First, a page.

WARNING: The following contains spoilers for I Want to Hold Aono-Kun So Badly I Could Die by Umi Shiina, available in English from Kodansha, and Mieruko-chan by Tomoki Izumo, available in English from Yen Press, as well as discussion of self-harm, suicide, and animal abuse.
Japanese ghosts are notorious for being some of the scariest in horror media. Mieruko-chan and I Want to Hold Aono-Kun So Badly I Could Die are two anime/manga series attempting to blend horror with other genres, using the ghosts within the stories to explore themes that Japanese horror usually doesn't delve into. Despite their comedic and romantic aspects, they do offer some chills and thrills. Let's look at both series and see which one has the scarier spirits.
Mieruko-chan centers on high schooler Miko Yotsuya, who one day inexplicably begins seeing ghosts around her city. The designs of these ghosts are grotesque and horrifying. However, they are relatively harmless for the most part. It's hinted in Chapter 28 of the manga that the way a person views ghosts affects how they manifest for each person. If someone is terrified of ghosts, they are more likely to look terrifying. If a person views them as something akin to "lost souls" they may look more human. Either this, or it could be Miko is so strong she's able to see their true forms. Even the gods of this world appear as horrifying monstrosities.
While not all of the ghosts are evil, they are still scary to see and can pose a threat even to those who can't see them. In Japanese legends, it's said that if a spirit knows you can see it, it's more likely to be able to physically harm you. That's why Miko tries so hard to not let them know she can see them. Her best friend Hana is a constant target for these spirits, even though she doesn't have the sight. They feed off her life aura, and as a result she's constantly hungry. This is brought up when their substitute teacher has a powerful spirit attached to him that begins feeding off of Hana's energy.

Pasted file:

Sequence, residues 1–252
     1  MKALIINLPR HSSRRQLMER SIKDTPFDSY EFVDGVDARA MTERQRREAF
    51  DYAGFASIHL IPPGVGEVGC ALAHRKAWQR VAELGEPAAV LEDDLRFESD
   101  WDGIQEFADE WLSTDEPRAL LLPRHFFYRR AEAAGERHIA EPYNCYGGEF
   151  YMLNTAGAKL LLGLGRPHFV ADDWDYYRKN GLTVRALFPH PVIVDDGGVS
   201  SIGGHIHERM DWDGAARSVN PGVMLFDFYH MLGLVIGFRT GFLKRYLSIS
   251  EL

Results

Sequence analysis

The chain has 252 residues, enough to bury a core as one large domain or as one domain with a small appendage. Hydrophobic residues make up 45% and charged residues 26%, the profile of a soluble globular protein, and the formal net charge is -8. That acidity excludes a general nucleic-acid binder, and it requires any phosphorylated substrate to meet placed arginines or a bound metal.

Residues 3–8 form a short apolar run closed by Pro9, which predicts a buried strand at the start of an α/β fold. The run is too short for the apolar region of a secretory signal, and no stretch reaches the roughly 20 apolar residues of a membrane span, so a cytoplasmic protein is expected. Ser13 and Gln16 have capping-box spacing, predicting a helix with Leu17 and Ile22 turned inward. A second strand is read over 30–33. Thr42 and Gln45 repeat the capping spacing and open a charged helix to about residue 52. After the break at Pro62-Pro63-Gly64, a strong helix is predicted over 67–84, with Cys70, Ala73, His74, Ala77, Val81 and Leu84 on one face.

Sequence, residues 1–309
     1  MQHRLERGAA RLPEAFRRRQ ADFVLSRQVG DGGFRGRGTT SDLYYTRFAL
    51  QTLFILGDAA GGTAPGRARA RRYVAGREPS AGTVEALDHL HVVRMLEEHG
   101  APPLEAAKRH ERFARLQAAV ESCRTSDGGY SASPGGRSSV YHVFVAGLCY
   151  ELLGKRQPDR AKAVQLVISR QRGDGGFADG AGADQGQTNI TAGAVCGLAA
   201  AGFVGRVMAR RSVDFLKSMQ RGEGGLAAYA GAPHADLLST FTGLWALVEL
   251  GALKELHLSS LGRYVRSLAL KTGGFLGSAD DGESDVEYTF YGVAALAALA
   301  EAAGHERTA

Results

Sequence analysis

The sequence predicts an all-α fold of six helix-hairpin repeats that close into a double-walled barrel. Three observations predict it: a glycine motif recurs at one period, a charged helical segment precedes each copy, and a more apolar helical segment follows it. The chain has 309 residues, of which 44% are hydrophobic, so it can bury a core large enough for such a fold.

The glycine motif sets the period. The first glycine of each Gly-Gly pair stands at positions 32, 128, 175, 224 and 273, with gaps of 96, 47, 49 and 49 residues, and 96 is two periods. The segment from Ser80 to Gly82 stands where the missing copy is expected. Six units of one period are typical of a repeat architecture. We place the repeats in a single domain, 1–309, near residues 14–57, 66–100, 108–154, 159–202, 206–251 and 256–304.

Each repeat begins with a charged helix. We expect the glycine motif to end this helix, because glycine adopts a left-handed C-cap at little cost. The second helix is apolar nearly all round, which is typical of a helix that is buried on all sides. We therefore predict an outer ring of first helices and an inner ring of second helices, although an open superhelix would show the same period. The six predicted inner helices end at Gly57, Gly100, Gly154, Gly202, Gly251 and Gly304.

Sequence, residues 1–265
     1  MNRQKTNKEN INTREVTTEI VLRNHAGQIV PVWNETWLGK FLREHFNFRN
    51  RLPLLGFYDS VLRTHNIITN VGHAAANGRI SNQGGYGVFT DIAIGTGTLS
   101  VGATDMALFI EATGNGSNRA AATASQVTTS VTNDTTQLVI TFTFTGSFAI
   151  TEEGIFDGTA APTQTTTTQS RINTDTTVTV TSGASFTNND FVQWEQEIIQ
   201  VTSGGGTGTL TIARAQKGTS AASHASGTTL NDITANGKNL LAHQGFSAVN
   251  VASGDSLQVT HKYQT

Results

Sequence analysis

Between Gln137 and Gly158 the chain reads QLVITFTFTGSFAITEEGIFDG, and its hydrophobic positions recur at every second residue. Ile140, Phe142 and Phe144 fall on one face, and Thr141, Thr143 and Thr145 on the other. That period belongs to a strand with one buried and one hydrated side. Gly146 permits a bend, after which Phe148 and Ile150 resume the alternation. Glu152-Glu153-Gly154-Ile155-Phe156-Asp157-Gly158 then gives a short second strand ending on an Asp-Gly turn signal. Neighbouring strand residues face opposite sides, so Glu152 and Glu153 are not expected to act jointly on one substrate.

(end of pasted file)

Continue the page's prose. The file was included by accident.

However, Mieruko-chan does a good job of also emphasizing that humans are just as dangerous as the ghosts, if not more so. Throughout the story, there is a sub-plot about cats going missing. It turns out there's a person going around killing them. At first the substitute teacher is suspected, but that turns out to be false. Instead, it's implied that he kills the cat-killer. There's also the story of his cruel mother, who also killed a cat he brought home as a child. These stories are arguably more horrifying than the spirits.
I Want to Hold Aono-Kun So Badly I Could Die
Aono-Kun sets up its story as that of a romance between a girl and a ghost. Yuri Kariya begins dating Ryuhei Aono, her first boyfriend. She's immediately smitten with him upon their first meeting, and even goes so far as to say she loves him. However, only two weeks after they begin their romance, Aono is killed in a traffic accident. Heartbroken, Yuri even goes so far as to say she wants to die and tries to commit suicide. However, Aono's ghost stops her and begins staying by her side.
While the ghosts that appear in Aono-Kun are more human in their appearance, there's an underlying tension throughout the lighthearted moments. Aono seemingly has some sort of alter-ego that has more malicious intentions for Yuri. The horror also comes from how words can have a lasting impact, whether intentional or not. Yuri, in an attempt to get closer with Aono, encourages him to try and possess her. This is what initially triggers Dark Aono to come out. She unwittingly created a contract with him by inviting him into her body, even if the intentions were "pure" for lack of a better term. As the story progresses, Dark Aono's possessions begin affecting Yuri's body negatively and we see other spirits begin harming people -- regardless if they can see them or not.
Does Mieruko-chan or Aono-kun Have Scarier Ghosts?
So which series has the scariest ghosts? Frankly, it depends on what you define as "scary." If it's the outright grotesque and macabre, then Mieruko-chan may be more frightening. But if psychological and atmospheric horror are more your jam, then Aono-Kun's ghosts may spook you more.
For more information on the warning signs and prevention of suicide, click here. If you or someone you know is in emotional distress or considering suicide, call the National Suicide Prevention Lifeline at 1-800-273-TALK (8255). If you live outside the U.S., click here for a list of international hotlines.